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Kalliopi H. Vitlari

2021 Diploma Thesis Title: Classification of Traffic Signs Based on Object Recognition                                                                                                                                          


Traffic lights recognition and classification play an important role in the realization of autonomous vehicles. This automated process uses video (frames) to recognize and classify traffic lights along the vehicle’s path in real time. In this thesis, we adapt a proven deep learning model to recognize three classes (states) of traffic lights: green, red and yellow. The model is  YOLOv3, it includes Darknet-53 and combines object detection and classification. The deep learning algorithms are implemented in Google Colab (a cloud platform developed by Google). The resulting Convolutional Neural Network (CNN) is trained using publicly available data sets that we modify to enhance the available training data.
Firstly, the training and validation datasets are generated. Secondly, ground truth bounding boxes -which define the class and the object in the images- are created and uploaded to the Colab environment that runs the algorithm for object detection. The algorithm preprocesses the images, creates bounding boxes that contain the object and adjusts the weights of some model layers. To obtain the most appropriate weights, we perform various training/validation experiments using combinations of available datasets.  The experiments indicate that injecting very clear photos that contain only traffic lights in training datasets with more general photos in which the traffic lights are part of a generic environment, helps significantly the training process.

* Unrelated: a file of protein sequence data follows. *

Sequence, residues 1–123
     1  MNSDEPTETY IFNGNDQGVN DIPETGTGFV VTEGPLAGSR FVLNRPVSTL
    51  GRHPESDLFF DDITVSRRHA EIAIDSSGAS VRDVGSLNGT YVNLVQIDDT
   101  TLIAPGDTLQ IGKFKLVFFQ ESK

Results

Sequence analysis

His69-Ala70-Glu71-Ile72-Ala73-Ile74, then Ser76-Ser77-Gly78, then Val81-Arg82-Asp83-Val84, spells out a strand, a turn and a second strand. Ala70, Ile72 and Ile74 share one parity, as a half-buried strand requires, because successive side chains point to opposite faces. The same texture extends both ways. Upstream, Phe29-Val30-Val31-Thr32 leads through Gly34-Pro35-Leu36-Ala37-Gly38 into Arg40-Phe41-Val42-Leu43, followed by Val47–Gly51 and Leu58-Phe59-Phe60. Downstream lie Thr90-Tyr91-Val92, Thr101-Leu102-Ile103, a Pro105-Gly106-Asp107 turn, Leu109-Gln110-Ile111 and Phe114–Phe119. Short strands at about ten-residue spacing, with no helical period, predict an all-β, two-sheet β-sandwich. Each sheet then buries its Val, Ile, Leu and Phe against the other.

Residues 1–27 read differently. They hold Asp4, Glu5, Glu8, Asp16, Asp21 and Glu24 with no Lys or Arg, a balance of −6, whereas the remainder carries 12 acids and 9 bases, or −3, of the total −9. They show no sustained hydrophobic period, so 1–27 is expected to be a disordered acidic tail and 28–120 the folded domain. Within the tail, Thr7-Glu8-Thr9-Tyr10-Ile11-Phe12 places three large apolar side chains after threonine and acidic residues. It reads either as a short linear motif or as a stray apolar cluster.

We use the best performing weights to conduct a large case study that uses as input video footage taped from the streets of Thessaloniki, which contains numerous traffic lights in all three states. We divide the predictions into 3 categories: True, False and No predictions. Initially the study indicated a relatively low performance of the model caused by a high percentage of No predictions.  To address this issue, we used more than one photographs of each traffic light-state combination and combined the related predictions.  As a result, the percent of No predictions was reduced significantly, and so did the performance of the process.